Spreading oilEfforts to halt contamination from the spilled crude oil in the water near Taean, South Chungcheong, were in their fourth day yesterday but were hindered by strong winds, high tides and ill-coordinated leadership by the government. Heavy rain accompanied by strong winds hit the region yesterday, and the strongest tide since the accident occurred on Friday is expected today, increasing the possibility that the oil spill will expand beyond the Taean peninsula.
The oil slick has already blanketed the entire Taean peninsula, turning 8,200 hectares of marine farms, beaches and fisheries into an oil field. If the oil continues to contaminate Anmyeon Island and Cheonsu Bay, home to migratory birds, an irreversible environmental disaster will have occurred.
In a situation like this, we have to prevent the worst-case scenario from coming true. To do that, related government authorities have to stand steadily. The government will designate the damaged regions as disaster areas and provide special government subsidies of 6.7 billion won ($7.2 million) in addition to the 5.9 billion won that it will give the South Chungcheong provincial government for emergency recovery efforts. The government should also encourage related officials to quickly offer the necessary equipment and resources and give workers adequate instructions on decontamination.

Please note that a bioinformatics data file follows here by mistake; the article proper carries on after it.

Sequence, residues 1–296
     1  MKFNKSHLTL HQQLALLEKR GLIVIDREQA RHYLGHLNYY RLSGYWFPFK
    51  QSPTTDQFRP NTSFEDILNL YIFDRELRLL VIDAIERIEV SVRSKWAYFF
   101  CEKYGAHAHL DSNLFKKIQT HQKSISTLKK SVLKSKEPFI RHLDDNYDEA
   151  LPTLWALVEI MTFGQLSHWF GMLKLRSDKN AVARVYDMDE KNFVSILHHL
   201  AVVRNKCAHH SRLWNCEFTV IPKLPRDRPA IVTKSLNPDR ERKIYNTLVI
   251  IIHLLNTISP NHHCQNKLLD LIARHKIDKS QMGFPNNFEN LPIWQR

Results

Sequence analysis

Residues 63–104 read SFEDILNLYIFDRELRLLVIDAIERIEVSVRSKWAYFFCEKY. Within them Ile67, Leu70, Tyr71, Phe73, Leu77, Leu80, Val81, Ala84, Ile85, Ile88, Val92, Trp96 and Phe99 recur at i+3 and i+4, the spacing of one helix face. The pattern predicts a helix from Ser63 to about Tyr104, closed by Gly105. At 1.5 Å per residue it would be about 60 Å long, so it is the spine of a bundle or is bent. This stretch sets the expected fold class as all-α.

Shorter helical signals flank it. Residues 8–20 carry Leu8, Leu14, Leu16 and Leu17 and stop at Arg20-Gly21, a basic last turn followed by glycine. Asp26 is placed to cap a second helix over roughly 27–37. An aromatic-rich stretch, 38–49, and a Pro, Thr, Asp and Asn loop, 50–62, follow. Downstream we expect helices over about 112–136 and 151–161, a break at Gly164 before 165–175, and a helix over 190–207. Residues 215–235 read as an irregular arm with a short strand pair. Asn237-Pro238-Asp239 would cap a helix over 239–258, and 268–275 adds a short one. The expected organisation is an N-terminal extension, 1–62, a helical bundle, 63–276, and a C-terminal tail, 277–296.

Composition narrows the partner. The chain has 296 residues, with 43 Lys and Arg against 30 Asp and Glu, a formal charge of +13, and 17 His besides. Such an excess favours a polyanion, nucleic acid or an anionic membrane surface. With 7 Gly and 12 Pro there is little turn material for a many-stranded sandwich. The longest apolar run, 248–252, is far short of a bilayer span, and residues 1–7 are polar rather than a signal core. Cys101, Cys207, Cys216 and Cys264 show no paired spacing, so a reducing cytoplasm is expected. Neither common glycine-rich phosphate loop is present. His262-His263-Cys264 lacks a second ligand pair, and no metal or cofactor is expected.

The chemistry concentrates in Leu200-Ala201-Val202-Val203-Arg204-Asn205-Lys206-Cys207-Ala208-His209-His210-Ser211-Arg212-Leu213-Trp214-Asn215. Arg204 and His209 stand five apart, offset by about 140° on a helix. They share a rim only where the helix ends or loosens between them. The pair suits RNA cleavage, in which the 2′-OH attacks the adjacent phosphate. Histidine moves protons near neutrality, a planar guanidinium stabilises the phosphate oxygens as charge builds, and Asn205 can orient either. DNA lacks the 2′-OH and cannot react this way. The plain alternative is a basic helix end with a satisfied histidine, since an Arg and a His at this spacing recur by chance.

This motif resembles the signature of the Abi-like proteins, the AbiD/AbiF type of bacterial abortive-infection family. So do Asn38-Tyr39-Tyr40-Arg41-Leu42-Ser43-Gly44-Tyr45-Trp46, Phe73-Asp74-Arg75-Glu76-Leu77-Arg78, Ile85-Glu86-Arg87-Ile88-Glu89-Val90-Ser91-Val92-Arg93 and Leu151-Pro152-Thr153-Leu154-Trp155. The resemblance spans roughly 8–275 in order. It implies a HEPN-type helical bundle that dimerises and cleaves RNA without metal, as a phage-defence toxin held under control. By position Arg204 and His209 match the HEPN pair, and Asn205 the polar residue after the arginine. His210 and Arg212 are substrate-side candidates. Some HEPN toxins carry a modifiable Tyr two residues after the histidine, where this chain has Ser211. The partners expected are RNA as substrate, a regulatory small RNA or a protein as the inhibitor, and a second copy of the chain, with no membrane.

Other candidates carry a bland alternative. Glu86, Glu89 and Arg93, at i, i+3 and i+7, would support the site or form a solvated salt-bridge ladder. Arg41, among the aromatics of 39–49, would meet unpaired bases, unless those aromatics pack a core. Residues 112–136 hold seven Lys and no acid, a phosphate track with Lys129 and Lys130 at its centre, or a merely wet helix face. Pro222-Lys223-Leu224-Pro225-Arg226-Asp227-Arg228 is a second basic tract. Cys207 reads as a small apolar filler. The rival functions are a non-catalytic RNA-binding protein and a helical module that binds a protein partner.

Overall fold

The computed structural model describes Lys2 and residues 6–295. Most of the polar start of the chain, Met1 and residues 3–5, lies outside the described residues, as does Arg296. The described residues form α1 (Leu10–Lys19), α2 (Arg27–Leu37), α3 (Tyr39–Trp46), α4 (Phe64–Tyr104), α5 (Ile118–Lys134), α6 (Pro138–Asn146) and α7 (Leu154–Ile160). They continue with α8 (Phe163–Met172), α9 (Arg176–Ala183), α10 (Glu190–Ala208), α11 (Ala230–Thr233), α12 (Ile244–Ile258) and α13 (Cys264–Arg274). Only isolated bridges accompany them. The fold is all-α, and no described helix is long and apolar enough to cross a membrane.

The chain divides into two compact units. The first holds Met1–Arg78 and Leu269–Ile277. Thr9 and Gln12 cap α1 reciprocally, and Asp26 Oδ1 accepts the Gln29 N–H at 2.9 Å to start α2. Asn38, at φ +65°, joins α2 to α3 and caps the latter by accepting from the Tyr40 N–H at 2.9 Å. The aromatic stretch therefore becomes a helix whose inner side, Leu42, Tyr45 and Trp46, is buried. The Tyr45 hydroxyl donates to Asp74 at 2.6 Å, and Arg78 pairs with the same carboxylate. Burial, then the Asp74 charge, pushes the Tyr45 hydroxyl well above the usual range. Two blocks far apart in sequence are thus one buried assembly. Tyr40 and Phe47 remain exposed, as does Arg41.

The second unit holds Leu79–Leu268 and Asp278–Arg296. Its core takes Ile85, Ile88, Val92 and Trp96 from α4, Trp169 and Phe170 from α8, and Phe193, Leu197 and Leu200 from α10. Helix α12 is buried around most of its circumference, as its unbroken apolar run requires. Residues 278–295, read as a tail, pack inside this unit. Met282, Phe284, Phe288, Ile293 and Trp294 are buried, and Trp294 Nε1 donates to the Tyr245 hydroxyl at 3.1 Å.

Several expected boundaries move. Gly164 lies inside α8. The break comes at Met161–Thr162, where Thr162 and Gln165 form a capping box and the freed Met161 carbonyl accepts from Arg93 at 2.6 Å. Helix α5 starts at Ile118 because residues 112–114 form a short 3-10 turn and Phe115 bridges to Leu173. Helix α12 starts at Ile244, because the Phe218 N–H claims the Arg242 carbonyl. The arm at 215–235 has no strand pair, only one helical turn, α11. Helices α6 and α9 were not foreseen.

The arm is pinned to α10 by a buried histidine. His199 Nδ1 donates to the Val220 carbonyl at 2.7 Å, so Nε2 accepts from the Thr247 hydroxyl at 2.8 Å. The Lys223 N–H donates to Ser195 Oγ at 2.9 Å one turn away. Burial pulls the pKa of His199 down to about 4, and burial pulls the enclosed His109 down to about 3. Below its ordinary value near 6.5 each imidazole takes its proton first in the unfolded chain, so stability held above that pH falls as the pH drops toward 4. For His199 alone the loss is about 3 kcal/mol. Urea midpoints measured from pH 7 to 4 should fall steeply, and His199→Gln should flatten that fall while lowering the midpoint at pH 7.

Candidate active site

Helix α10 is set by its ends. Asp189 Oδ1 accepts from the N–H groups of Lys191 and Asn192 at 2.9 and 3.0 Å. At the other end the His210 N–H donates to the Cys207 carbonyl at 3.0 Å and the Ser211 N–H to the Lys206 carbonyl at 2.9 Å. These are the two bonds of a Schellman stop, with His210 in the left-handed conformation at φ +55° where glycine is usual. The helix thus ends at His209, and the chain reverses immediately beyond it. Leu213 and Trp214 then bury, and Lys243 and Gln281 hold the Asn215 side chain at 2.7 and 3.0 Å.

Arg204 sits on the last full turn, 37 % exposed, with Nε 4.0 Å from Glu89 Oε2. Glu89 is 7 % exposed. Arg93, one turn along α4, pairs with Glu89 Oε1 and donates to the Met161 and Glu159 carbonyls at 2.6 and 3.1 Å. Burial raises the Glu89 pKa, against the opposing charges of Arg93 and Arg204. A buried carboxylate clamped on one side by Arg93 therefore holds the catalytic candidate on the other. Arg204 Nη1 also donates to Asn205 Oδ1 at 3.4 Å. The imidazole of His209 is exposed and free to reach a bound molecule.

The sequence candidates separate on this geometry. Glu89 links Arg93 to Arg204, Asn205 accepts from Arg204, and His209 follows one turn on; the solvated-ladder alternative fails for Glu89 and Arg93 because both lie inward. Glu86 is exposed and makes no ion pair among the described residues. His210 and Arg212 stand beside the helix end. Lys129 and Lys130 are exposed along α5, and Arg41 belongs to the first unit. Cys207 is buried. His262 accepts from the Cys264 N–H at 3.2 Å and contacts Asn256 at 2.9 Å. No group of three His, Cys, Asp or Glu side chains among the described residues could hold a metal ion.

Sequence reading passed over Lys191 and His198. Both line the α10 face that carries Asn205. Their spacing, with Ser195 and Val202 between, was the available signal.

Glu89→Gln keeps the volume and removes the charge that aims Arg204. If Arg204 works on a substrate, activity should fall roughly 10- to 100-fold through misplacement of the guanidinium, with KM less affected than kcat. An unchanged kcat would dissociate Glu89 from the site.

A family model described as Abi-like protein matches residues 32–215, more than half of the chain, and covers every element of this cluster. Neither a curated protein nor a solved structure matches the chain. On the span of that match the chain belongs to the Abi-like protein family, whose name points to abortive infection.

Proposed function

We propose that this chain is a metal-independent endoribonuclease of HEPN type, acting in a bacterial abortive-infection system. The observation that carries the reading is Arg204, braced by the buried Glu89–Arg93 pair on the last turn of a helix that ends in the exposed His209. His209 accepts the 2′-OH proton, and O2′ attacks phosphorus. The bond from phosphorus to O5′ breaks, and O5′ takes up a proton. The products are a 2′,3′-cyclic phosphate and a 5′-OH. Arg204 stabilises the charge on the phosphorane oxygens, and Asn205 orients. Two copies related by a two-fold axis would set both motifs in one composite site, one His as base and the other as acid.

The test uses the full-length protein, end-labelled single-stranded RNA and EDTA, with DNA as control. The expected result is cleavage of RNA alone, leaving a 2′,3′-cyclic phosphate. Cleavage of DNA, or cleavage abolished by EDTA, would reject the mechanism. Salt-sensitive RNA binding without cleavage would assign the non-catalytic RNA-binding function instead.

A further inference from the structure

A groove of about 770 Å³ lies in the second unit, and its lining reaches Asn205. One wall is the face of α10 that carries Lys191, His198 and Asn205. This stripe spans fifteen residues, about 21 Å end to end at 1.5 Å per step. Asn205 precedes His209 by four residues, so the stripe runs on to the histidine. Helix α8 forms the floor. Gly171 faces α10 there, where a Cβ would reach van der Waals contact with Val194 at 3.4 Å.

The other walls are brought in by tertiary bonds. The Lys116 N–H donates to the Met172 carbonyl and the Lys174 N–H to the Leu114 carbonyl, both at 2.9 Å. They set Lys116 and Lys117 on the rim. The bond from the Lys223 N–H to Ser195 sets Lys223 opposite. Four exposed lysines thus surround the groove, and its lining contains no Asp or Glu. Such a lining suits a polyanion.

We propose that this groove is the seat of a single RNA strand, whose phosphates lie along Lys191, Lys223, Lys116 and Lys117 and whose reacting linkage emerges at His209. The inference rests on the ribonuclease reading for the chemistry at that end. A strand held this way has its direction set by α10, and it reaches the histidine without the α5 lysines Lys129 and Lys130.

Local residents and volunteers joined the work to clean up the oil spill but they do not have enough equipment, such as mats to absorb oil. Some of them suffered from headaches after doing the work without even wearing a mask.
While cooperation among the National Emergency Management Agency, Korea Coast Guard and local governments is desperately needed, the current situation is deplorable. They do not even have each other’s contact numbers and are busy playing the blame game. Often residents and volunteers do not know what to do because they are not properly led by related authorities.
The water near Taean County has the country’s one and only national marine park and is a rich repository of marine resources. If the ecosystem is destroyed, the loss will be incalculable. While government officials are talking about plans, the oil slick is spreading. If it plans to designate the regions as disaster areas, it must do so quickly. Several days have passed since the government announced the plan. Unify leadership so the disaster can be tackled. If volunteer workers are needed, start a massive campaign. Dispatch soldiers from nearby military camps, as well.